To my mind, and I am sure a vast majority of Indians will agree with me, making such an insignificant memorial around a canopy built by the British for a statue of their own king is even more demeaning than putting a butt on top of a rifle in the bowels of the British War Memorial now called something it never ever was.

That brings me back to the question I had asked earlier. Even a cursory study of the layout of the area between the Rashtrapati Bhawan and the end of the Rajpath or Central Vista leads to the conclusion that there is only one place where the British would have put up a memorial grander than the India Gate to honour Indian soldiers who died during the Second World War. Yes, that is the place where the National Stadium, an arena for playing hockey stands today.

A sports stadium at one end of the Rajpath, with the Supreme Court and Delhi High Court on either side of it, looking at the Rashtrapati Bhawan at the other end? Is not there something conceptually completely wrong here? Is it not destroying the unity of the whole, majestic layout, something which Lutyen would have found revolting, had he lived to see it? Would the British have ever even thought of ruining the flow of the majestic and dominating architecture representing the power and grandeur of the state by constructing a sports stadium at one end?

Look at the map above where River Yamuna can be seen. After Independence, the Rajpath could easily have been extended in the same straight line right up to the banks of the river. Was that not the perfect place to have had the Samadhi of the Father of the Nation, Mahatma Gandhi, rather than where it is now with little logic? What better than having the Mahatma at one end of the power corridor, symbolically keeping a moral watch on the rulers of the country? If only someone had applied his mind in the manner that the British planners had earlier done, we would have had an awesome and inspiring view of the capital of the country both from the Yamuna as well as from Raisina Hill.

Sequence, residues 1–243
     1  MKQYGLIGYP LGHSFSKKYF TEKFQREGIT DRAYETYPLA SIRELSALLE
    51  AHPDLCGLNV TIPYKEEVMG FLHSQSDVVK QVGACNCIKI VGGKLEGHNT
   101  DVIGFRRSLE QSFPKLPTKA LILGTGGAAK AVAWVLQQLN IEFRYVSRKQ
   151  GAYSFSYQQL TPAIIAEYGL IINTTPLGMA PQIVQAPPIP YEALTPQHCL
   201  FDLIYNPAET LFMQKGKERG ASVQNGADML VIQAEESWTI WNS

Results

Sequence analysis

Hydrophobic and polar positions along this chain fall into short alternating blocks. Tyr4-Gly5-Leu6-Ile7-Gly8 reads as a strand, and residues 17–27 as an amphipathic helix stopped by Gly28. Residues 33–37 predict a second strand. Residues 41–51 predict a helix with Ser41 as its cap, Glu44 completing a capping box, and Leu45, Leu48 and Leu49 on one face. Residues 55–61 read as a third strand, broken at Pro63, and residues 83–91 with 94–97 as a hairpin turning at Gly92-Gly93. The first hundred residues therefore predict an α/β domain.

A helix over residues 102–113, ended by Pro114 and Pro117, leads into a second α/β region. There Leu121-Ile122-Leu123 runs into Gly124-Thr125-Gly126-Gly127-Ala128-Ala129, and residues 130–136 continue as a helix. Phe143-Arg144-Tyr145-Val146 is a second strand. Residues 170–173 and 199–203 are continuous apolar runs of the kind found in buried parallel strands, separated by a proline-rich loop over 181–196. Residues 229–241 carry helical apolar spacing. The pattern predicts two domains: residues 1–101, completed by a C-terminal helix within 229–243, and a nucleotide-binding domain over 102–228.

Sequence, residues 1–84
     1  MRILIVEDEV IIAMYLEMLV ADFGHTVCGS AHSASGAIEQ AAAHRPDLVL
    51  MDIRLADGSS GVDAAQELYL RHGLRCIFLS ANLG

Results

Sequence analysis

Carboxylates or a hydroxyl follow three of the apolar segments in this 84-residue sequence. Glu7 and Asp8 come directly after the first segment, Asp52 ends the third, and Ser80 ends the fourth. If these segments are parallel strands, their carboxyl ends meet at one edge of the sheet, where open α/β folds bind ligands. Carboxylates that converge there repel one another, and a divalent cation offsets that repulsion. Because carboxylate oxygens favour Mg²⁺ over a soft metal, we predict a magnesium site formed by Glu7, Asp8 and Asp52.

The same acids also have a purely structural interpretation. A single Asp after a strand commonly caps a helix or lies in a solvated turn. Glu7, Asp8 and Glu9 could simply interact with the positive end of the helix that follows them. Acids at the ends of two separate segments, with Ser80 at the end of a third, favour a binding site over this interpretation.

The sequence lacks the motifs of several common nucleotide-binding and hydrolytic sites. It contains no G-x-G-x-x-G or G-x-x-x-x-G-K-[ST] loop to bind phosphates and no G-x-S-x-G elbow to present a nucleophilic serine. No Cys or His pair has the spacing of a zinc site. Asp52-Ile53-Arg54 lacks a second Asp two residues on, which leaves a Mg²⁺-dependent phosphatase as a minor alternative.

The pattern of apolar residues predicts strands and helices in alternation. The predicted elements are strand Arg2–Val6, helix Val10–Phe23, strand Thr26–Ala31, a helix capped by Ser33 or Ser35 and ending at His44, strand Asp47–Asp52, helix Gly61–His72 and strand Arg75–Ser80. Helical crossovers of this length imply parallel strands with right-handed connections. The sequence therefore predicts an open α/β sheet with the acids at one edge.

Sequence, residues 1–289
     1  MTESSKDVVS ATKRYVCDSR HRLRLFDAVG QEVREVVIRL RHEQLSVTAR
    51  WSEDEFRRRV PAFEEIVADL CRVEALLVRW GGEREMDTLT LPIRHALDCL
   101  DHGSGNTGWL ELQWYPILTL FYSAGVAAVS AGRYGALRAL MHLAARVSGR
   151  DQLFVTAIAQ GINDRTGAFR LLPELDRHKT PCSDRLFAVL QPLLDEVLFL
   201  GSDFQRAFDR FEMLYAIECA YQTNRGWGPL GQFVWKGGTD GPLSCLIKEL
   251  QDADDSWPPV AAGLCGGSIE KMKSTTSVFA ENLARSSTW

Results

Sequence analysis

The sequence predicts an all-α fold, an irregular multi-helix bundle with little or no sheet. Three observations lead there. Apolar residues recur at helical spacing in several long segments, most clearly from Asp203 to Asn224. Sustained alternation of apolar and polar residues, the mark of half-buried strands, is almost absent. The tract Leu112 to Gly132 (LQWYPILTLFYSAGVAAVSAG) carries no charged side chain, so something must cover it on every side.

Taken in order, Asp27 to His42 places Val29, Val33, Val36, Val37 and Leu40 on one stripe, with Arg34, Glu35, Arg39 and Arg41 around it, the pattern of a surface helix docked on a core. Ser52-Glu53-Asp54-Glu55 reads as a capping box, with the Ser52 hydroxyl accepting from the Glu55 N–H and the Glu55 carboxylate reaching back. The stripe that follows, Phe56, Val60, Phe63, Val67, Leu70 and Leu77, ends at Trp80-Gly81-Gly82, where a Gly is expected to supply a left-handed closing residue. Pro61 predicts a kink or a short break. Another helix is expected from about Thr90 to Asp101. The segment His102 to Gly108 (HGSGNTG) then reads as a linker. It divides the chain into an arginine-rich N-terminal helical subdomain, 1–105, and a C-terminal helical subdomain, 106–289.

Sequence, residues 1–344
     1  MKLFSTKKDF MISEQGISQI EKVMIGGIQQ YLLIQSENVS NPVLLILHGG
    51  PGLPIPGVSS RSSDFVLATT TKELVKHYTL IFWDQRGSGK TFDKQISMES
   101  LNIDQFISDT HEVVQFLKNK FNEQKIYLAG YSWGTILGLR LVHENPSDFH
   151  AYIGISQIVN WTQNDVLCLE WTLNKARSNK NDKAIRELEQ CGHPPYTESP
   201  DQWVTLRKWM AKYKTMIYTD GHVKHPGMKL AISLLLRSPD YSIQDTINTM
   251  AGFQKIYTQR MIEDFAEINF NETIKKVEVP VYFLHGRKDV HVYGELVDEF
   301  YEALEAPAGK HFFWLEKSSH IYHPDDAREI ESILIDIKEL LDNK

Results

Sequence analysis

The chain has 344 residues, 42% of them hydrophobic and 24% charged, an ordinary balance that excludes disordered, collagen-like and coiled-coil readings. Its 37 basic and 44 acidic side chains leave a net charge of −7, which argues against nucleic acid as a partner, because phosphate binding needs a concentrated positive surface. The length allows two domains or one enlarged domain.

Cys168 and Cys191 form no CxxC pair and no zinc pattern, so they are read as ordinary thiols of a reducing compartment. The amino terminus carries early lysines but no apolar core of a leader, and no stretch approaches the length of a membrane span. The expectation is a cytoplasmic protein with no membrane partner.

I do not know whether a Samadhi can be relocated. If it can, it should be shifted as I have visualized. Otherwise, a suitable Gandhi Smarak can be built there. Yes, the elevated Railway lines coming in the alignment will need to be shifted and moved under the road leading to the Samadhi/Smarak. Perhaps Pragati Maidan will also need to be shifted elsewhere. All that may cost a lot. But when residents of ‘elite’ colonies have no qualms over creating an additional burden of Rs 800 crores on the tax payer so that the Metro goes underground where they live, any amount spent on such a project of national significance cannot be questioned.